media_cameraIncat now has capacity to build much larger ferries, such as this Buccoo Reef one, capable of tackling the often challenging Bass Strait waters. Picture: BEN GRAINGER

It was certainly an attention grabber, especially given that Peter Gutwein had earlier told Parliament that steel hulls built overseas would be his “least preferred option, to an option to look at and build catamarans here”.

Was Clifford backfooted by an outsider ‘poaching’ his eggs at the Premier’s breakfast? Probably not. He is known to be cautious with a quid and prefers to do his own PR.

“Why hire dogs when you can do your own barking?”

The Clifford I know is a most effective barker.

He holds at least two trump cards. The first is a proven, highly regarded on-going boat-building business not a 15 minute-drive from the Premier’s office.

The second, in our COVID-ruptured economy, is an appeal to Tasmanian patriotism and practicality. We might still have a cultural cringe in Tasmania but with INCAT we should never labour under a technology cringe.

These ships are the world’s best of their kind, making this one of those rare Yes We Can moments.

It is surely not to be passed up.

There might be an argument between the suitability of a wave-piercing aluminium cat and a traditional steel mono-hull.

But Clifford says the cat will be faster to build and to run, cheaper to man, quicker at sea and considerably more fuel efficient.

The INCAT creator claims size at sea is no longer an issue. The days of the smaller so called ‘spew-cats’ are long gone. Aluminium catamarans today can be as big as any purpose suited conventional craft and upwards of 200m.

DECEMBER 9, 1999: New 900 passenger high speed catamaran "Devil Cat" ferry after its arrival from USA that will operate between Melbourne & Hobart. Pic: Graham Crouch.
media_cameraDECEMBER 9, 1999: New 900 passenger high speed catamaran “Devil Cat” ferry after its arrival from USA that will operate between Melbourne & Hobart. Pic: Graham Crouch.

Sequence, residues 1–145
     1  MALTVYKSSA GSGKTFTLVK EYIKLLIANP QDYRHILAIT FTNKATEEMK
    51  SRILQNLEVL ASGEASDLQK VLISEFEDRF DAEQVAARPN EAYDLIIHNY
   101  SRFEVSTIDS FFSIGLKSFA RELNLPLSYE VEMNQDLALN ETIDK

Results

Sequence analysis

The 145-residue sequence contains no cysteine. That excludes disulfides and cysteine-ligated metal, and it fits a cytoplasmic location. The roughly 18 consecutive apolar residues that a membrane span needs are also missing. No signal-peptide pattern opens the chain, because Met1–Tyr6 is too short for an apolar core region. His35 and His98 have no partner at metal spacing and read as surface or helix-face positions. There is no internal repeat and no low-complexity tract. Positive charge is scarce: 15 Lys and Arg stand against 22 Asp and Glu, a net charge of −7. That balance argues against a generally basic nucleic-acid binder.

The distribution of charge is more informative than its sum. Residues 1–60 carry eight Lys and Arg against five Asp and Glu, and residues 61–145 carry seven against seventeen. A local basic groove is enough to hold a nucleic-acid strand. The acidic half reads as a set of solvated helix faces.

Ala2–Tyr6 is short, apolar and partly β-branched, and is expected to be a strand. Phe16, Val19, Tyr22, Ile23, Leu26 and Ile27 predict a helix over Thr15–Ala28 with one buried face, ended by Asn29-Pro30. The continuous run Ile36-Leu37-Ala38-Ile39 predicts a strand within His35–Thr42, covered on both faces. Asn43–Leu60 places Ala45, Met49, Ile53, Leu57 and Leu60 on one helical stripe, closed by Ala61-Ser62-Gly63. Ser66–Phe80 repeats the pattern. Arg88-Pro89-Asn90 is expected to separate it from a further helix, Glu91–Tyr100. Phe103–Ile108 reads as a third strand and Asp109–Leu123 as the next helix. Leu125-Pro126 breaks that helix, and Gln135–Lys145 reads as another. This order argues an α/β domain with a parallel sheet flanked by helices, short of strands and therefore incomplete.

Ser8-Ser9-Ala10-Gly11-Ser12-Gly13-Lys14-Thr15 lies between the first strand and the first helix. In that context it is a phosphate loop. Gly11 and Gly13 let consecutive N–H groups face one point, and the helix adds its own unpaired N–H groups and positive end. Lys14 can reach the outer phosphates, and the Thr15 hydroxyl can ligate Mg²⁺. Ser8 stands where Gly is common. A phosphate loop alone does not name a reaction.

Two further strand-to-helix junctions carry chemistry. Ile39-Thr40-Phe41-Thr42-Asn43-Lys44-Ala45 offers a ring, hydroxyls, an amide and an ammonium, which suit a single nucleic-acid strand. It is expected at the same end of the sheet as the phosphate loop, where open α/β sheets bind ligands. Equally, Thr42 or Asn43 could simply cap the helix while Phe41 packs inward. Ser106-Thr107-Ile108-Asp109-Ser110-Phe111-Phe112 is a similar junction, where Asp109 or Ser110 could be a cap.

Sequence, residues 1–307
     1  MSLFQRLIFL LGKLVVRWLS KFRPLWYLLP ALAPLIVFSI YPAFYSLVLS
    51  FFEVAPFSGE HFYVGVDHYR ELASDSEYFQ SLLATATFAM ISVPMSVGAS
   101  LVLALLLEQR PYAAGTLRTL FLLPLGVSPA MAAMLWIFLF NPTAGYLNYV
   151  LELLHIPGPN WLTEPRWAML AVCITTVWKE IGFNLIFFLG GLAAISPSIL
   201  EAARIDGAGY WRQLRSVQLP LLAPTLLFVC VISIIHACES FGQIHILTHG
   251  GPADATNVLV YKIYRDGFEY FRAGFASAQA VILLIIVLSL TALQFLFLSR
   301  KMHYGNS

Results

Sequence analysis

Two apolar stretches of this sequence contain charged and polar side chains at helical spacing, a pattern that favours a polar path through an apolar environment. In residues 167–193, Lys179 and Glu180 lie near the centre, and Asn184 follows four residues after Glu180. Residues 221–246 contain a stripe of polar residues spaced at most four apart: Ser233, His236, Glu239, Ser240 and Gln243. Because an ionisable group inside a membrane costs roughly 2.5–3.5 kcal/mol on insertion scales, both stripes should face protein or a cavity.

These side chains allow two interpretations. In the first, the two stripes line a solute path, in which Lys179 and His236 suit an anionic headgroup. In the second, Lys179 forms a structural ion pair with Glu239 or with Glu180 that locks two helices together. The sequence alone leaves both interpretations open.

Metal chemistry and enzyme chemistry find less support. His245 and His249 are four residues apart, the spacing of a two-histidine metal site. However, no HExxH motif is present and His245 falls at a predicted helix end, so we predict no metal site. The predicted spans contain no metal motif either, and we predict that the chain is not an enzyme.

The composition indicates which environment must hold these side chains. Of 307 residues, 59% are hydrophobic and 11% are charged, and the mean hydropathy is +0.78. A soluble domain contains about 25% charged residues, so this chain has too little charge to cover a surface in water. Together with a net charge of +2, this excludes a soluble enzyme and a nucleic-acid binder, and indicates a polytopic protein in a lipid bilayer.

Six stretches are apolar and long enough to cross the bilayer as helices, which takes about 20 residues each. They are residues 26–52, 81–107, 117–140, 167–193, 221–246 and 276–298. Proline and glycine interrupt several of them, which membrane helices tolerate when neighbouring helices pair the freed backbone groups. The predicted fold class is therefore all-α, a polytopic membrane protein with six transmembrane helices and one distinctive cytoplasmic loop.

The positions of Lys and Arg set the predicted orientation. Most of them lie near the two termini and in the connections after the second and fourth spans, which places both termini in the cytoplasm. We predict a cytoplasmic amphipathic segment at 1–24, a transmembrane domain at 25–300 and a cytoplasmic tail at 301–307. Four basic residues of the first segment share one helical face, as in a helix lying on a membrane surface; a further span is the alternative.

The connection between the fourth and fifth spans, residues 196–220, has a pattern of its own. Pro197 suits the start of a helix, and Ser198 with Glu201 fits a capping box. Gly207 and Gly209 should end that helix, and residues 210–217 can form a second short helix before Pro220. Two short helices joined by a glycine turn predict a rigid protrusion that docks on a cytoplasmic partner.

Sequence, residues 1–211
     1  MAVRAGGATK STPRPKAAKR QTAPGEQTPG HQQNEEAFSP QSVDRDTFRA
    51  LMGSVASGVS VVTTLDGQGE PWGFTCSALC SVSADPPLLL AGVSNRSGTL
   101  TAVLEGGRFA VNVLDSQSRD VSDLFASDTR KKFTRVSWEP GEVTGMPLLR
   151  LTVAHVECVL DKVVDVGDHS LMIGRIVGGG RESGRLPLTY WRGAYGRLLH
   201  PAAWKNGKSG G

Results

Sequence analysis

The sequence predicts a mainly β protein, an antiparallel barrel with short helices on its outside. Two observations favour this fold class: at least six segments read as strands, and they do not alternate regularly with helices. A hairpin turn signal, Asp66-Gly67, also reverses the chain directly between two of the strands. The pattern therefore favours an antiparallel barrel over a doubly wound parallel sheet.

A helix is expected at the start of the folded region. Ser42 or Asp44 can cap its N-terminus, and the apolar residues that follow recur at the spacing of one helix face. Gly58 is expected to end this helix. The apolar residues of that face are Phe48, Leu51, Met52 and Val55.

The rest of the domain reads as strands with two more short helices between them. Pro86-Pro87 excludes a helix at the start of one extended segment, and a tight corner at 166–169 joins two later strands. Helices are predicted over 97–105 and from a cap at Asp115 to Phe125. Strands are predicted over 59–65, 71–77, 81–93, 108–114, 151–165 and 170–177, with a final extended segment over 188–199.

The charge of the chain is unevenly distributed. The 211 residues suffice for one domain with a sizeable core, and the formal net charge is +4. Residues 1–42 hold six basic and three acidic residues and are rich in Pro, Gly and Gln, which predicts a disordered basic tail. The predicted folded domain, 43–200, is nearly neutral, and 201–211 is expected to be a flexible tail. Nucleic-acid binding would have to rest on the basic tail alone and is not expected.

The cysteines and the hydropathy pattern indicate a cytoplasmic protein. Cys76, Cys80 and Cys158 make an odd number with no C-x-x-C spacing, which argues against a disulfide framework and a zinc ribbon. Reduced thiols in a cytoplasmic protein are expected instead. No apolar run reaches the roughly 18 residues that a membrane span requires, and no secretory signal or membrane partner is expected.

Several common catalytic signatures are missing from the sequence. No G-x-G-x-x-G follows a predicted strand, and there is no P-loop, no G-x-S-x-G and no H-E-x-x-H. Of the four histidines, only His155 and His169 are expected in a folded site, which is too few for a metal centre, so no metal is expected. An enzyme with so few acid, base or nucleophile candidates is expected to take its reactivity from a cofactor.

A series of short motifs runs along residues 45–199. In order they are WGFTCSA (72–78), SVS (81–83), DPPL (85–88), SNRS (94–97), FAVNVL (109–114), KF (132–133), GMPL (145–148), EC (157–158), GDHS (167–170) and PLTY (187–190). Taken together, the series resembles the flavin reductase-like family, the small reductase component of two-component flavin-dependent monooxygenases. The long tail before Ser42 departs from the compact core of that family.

While the final configuration is up to the government and TT Line, the decision to build in Tasmania should be a no-brainer. It would be the biggest infrastructure project in the state’s history and uncommonly, it is guaranteed deliverable.

It mightn’t cost the billion dollars that would’ve been spent in Germany but (depending on the product ordered) even at half that, most of the money stays in Tasmania where historically it would represent our biggest one-off state investment.

This week we learnt that Tasmania once again has Australia’s highest unemployment rate at 8.2 per cent and rising.

As Tasmanian economist John Lawrence warned in this paper this week: “If inaction continues, we are doomed.”

There is a flotilla of smaller Tasmanian businesses already surfing on the bow wave of every INCAT build, including everything from seat manufacturers, carpet layers, lifeboat and communications manufacturers and electrical and plumbing contractors.

Component providers can be spread statewide sharing the investment.

These are highly paid, specialised, full-time jobs of the type Tasmania so urgently needs.

And of course, high-income earners spend more money and pay more tax.

The Australian Government has come to realise that for both economic and strategic reasons our nation must reclaim real jobs in manufacturing.

Building our own Bass Strait ferry here in Tasmania will represent an injection of patriotic pride and self-confidence and importantly will help ensure our inclusion in the coming new age of Australian manufacturing.

Tasmanians have been building boats for two centuries. It would be faint-hearted today not to grasp this opportunity.